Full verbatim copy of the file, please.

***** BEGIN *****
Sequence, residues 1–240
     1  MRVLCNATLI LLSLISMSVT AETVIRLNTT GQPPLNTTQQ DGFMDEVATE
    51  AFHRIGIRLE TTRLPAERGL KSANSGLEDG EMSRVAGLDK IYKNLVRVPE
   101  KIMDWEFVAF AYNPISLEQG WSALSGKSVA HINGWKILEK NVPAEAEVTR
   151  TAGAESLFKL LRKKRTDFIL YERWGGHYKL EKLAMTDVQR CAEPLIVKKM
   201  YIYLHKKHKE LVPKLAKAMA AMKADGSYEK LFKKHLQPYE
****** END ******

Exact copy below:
Sequence, residues 1–240
     1  MRVLCNATLI LLSLISMSVT AETVIRLNTT GQPPLNTTQQ DGFMDEVATE
    51  AFHRIGIRLE TTRLPAERGL KSANSGLEDG EMSRVAGLDK IYKNLVRVPE
   101  KIMDWEFVAF AYNPISLEQG WSALSGKSVA HINGWKILEK NVPAEAEVTR
   151  TAGAESLFKL LRKKRTDFIL YERWGGHYKL EKLAMTDVQR CAEPLIVKKM
   201  YIYLHKKHKE LVPKLAKAMA AMKADGSYEK LFKKHLQPYE